Bronchial hyperresponsiveness in two populations of Australian schoolchildren. II. Relative importance of associated factors.
ABSTRACT In a cross-sectional study of 2363 schoolchildren living in two rural areas of New South Wales, we used a questionnaire to collect details of sex, area of residence, social class, early respiratory illness (ERI), parental history of asthma and recent upper respiratory tract infection (URTI), and we used skin-prick tests to measure atopic status. The relative importance of these factors on the likelihood of children having bronchial hyperresponsiveness (BHR) was assessed using a linear modelling analysis. The extent to which these factors affected the severity of BHR was also examined. We found that social class or recent URTI had no association with BHR, that sex and area of residence (inland or coastal) had a small association and that a history of early respiratory illness, a history of asthma in either parent, and atopic status had an important association with BHR. Atopic status was the most important factor. The proportion of children with atopy, with ERI or with parental asthma increased as the severity of BHR increased. The odds ratio for moderate or severe BHR doubled if either ERI or parental asthma was present in addition to atopy and there was a six-fold increase if all three factors were present together. The identification of these risk factors makes it possible to predict which children in the community are most likely to have BHR, and which children are at high risk for having more severe levels of BHR.
[Show abstract] [Hide abstract]
ABSTRACT: To assess the predictive value of skin prick testing in early childhood on subsequent allergic symptoms up to adult age. A cohort of 200 unselected healthy newborns was prospectively followed from birth to 20 years of age. Of them, 163 (82%) were reassessed at age 5 years, 150 (76%) at age 11 years, and 164 (83%) at age 20 years with a skin prick test that included 11 common allergens. On the basis of clinical examination and structured interview, the occurrence of atopic dermatitis, allergic rhinoconjunctivitis, recurrent wheezing, and symptoms of food hypersensitivity were recorded at each of the follow-up visits. The reproducibility of skin prick test positivity at age 5 years was 100% at ages 11 and 20 years, ie, none of the skin prick-positive subjects turned negative during the follow-up. Gaining of new sensitizations to aeroallergens was common. Skin prick test positivity at age 5 years predicted allergic symptoms at ages 11 (sensitivity 28%, specificity 94%) and 20 years (sensitivity 23%, specificity 91%) but not atopic dermatitis. Skin prick test positivity at age 5 years strongly predicts later skin prick test positivity and is associated with respiratory symptoms, ie, allergic rhinoconjunctivitis and recurrent wheezing, at ages 11 and 20 years. However, skin prick test negativity at age 5 years does not exclude sensitization and allergic symptoms at a later age. Copyright © 2014 Elsevier Inc. All rights reserved.Journal of Pediatrics 11/2014; DOI:10.1016/j.jpeds.2014.10.009 · 3.74 Impact Factor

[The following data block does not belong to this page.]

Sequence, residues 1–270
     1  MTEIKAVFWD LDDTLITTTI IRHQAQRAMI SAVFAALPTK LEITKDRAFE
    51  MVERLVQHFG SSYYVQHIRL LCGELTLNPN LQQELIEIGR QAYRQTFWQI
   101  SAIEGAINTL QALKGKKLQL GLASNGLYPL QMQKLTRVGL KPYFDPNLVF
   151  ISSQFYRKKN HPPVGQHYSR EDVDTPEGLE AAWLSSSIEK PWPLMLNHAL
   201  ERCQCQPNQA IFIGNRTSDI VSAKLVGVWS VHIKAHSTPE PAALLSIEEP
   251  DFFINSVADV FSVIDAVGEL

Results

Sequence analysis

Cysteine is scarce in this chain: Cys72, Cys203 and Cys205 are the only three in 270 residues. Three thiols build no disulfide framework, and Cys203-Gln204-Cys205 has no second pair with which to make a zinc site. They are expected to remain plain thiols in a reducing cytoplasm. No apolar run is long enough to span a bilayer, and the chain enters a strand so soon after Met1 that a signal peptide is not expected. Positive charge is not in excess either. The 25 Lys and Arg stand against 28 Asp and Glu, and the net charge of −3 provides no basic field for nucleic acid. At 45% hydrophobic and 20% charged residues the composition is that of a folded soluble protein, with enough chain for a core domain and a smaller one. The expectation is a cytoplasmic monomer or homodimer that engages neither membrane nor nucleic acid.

Clinical Nutrition Supplements 01/2009; 4(2):43-43. DOI:10.1016/S1744-1161(09)70094-8
[Show abstract] [Hide abstract]
ABSTRACT: The pattern of development of allergen-specific T cell cytokine responses in early childhood and their relation to later disease is poorly understood. Here we describe longitudinal changes in allergen-stimulated T cell cytokine responses and their relation to asthma and allergic disease during the first 8 years of life.PLoS ONE 05/2014; 9(5):e97995. DOI:10.1371/journal.pone.0097995 · 3.53 Impact Factor